Two reviews that originally appeared in Black Static #44:-
EVERY PICTURE TELLS A STORY
ZOMBIES: A HUNTER’S GUIDE (Osprey Publishing hc, 80pp, £15) is a book written in the same vein as Max Brooks’ The Zombie Survival Guide, which author Joseph A. McCullough name checks in his list of recommendations for further reading. It’s an A4 book and generously illustrated, with photographs, paintings in colour and black and white, including some artwork that originally appeared in the comic The Walking Dead (another recommendation). Though Mariusz Kozik is credited as “The Illustrator”, there appear to have been diverse hands involved, with each work of art given an individual attribution.
The central premise of the book is that zombies have existed throughout history and are a fact of life in the modern world, or at least the world in which this docufiction is set. McCullough lists the various types of zombie – necromantic, voodoo, revenants, atomic, viral – detailing their strengths and weaknesses, the ways in which they come into existence and the means by which they may be terminated. He also includes events from history and zombie literature/film, so that there is a blurring of the lines, with Wade Davis’ work on voodoo The Serpent and the Rainbow given the same weight as Romero’s Night of the Living Dead, and in amongst all the zombie lore there are plenty of snippets of factual information, such as the history of voodoo. We learn about the Nazi programme to create a zombie army and how Billy the Kid returned from the grave to avenge his own death. We discover that zombies were first used on a large scale in the American Civil War and how, as a result, Abraham Lincoln had Pinkertons create a special bureau to deal with future threats, while in the UK it was the Honourable Society of the Resurrection Men that rose to the challenge. Elements of secret history are threaded throughout the book, and McCullough details the ways and means by which modern governments tackle the zombie threat, describing weapons and tactics.
Okay, zombies don’t actually exist, but if they did then a book like this would offer a valuable taster course in the subject. As is, it’s an entertaining diversion and a way for zombie aficionados to get more of what they fancy. I just hope that in the event of an apocalypse copies of this book don’t survive, as any visiting alien archaeologists are going to get very much the wrong idea.
Just as writers such as Stephen King, Shaun Hutson and Stan Lee have appeared on celluloid, it appears that there are numerous thespians who just can’t wait to pick up a pen and put words down on paper. Case in point actress Evangeline Lilly, whose greatest claim to fame so far is her role as Kate in Lost, but according to the bio in her first published book, a fable for children entitled THE SQUICKERWONKERS (Titan Books hc, 42pp, £12.95), writing is Lilly’s “foremost passion” and she’s taken time off from her acting career to concentrate on developing this revenue stream. The Hollywood connection is reinforced by Peter Jackson writing part of the introduction and describing the book as “a wonderful tale” and filled with “deliciously dark mischief” to delight children of all ages.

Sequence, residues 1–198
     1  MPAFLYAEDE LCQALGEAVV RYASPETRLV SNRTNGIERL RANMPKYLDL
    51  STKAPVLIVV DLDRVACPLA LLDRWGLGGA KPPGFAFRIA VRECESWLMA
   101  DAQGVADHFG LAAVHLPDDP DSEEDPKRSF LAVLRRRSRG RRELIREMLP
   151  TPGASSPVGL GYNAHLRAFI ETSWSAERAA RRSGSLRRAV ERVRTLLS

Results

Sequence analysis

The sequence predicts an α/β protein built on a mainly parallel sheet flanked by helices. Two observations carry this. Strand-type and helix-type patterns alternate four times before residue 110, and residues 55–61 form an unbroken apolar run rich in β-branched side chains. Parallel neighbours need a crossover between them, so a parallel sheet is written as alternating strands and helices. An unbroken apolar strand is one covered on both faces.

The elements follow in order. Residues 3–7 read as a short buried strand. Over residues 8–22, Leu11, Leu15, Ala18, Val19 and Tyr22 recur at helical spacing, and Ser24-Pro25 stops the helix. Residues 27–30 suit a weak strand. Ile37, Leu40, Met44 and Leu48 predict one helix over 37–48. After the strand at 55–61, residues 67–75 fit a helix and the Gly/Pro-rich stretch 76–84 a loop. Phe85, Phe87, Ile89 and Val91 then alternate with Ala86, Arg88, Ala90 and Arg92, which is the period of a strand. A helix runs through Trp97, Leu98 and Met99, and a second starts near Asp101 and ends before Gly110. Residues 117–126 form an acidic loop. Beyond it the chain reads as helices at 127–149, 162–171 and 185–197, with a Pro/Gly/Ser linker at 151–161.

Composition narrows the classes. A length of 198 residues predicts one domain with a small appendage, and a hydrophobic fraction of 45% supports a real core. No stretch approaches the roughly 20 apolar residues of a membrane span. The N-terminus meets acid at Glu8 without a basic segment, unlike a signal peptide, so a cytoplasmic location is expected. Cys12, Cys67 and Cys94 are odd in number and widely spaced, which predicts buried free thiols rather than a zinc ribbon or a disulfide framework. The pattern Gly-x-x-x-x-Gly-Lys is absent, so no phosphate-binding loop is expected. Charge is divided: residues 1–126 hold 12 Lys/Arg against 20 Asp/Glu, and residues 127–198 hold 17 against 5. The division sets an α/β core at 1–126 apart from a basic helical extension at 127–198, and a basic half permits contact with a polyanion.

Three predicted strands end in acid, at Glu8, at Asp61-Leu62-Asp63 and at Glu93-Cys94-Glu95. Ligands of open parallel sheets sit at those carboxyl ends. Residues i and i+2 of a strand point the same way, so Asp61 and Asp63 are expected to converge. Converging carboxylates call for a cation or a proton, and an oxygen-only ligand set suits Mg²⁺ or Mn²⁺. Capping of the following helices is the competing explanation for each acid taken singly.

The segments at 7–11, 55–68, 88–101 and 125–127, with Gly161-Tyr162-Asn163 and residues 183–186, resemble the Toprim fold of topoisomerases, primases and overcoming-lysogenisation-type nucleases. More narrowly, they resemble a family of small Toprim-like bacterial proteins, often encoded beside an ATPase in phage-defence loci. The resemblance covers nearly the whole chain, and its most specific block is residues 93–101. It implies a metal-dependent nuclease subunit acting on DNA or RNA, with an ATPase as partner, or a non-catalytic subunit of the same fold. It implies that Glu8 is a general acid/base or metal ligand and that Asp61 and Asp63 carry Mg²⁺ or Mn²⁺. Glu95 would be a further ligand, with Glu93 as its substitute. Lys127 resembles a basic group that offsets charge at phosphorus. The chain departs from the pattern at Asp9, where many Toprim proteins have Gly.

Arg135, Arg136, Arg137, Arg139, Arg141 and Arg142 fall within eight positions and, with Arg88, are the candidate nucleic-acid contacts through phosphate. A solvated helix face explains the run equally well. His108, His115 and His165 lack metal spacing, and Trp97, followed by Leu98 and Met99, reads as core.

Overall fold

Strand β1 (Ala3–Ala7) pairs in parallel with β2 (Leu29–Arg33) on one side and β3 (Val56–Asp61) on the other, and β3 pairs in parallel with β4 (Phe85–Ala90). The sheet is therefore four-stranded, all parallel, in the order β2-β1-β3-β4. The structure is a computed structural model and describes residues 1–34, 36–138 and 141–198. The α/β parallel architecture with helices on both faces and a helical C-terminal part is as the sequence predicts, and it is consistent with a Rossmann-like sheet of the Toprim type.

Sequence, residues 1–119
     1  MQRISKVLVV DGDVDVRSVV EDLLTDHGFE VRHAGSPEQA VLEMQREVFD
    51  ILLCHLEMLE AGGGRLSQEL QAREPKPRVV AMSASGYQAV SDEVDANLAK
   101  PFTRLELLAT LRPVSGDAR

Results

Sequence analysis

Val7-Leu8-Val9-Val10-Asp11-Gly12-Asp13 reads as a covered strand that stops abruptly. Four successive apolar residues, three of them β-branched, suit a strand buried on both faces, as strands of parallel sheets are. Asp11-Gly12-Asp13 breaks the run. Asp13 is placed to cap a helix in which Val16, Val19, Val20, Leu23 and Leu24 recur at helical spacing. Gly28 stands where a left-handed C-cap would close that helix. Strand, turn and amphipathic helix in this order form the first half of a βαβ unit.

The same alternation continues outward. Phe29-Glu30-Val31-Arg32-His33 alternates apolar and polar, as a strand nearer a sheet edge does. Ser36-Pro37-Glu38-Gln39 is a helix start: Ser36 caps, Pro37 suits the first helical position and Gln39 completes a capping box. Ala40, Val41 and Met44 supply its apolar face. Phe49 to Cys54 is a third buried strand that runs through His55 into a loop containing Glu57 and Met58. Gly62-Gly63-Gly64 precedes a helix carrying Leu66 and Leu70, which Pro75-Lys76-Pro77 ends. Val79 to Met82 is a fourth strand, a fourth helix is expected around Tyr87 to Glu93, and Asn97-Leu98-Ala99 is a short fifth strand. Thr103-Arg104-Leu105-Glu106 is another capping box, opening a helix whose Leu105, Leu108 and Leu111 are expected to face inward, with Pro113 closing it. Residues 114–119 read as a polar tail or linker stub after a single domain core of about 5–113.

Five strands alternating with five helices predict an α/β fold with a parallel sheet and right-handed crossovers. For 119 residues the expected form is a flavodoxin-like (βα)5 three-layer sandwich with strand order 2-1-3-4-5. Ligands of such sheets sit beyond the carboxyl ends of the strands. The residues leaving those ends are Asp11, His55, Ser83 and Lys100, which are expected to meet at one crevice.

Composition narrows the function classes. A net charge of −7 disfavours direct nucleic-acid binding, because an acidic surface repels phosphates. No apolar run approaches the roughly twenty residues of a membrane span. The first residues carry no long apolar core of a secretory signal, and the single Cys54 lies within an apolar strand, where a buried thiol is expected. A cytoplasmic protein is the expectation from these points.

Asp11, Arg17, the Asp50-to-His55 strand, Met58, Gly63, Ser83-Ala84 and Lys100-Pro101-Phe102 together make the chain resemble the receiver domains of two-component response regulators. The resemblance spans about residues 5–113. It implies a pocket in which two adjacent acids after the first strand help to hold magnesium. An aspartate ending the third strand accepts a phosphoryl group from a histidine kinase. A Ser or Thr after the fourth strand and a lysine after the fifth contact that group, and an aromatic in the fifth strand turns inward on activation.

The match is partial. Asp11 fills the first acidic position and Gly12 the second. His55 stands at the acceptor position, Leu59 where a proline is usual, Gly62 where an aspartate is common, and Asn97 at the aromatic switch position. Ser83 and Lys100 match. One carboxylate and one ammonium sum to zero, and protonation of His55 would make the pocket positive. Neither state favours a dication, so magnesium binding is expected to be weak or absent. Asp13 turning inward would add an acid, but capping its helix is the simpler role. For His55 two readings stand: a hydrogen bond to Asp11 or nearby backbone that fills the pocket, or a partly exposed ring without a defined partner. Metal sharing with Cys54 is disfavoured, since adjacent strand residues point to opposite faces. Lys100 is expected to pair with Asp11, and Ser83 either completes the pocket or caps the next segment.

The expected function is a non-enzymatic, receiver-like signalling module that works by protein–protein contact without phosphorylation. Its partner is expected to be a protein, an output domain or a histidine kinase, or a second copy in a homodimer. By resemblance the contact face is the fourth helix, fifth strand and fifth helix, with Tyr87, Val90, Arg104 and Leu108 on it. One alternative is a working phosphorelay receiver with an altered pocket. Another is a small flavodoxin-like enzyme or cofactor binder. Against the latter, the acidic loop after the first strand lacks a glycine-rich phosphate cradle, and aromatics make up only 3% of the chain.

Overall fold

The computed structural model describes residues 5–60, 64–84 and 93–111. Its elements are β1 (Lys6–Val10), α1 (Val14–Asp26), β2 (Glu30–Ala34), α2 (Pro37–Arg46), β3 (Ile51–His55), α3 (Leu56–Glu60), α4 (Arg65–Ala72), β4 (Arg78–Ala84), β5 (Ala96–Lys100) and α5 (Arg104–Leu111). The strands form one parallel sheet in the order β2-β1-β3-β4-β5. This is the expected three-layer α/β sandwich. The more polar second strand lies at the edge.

As a child of sixty going on six months I have to admit that I wasn’t impressed by what’s more a vignette than a story, and a rather slight one at that. Selma of the Rin-Run Royals is a spoilt little girl who stumbles upon the marionette troupe going by the name of Squickerwonkers and ends up consigned to their care in the hope that she won’t continue to be such a brat. The story is told in rhyme, and the Squickerwonkers as described sound rather like the Thenardiers from Les Miserables, albeit there are nine of them, and despite their reputation for mischief all they actually do to Selma is burst her balloon. As stories go, this doesn’t really go anywhere at all, doing little more than introduce the characters and offer a trite moral lesson about what happens to bolshie children if they throw a strop, and as far as that goes, while she may be a royal pain in the arse at other times, and though her call for their heads may be slightly over the top unless you’re the Queen of Hearts, I can’t really feel that Selma is being unreasonable in objecting when the Squickerwonkers burst her balloon. I certainly would if anyone burst mine. And the grandfather who, in a move that’s completely out of left field, hands his granddaughter over into the care of a group of complete strangers seems like somebody Social Services should take an interest in. As cautionary tales go, this one is sending some very mixed messages, and overall the story left me feeling short changed (though there’s a big hint of more to come).
Still perhaps I’m over thinking it all, and as I’ve already conceded it’s been a long, long time since I was part of the target demographic for this tale of Cenobites for six year olds. It may go down very well indeed with the intended audience. I’m not in a position to say. What I can say however, is that the story is only part of what’s on offer. Taken simply as an objet d’art, this is a volume that has been produced to be a thing of beauty, with gorgeous colours and artwork throughout courtesy of illustrator Johnny Fraser-Allen, whose style is very reminiscent of the work of Brian Froud and brings the characters to vivid life on the page in a way that the words didn’t really accomplish for me. To use a timeworn phrase from the reviewers’ handbook: worth the price of admission alone.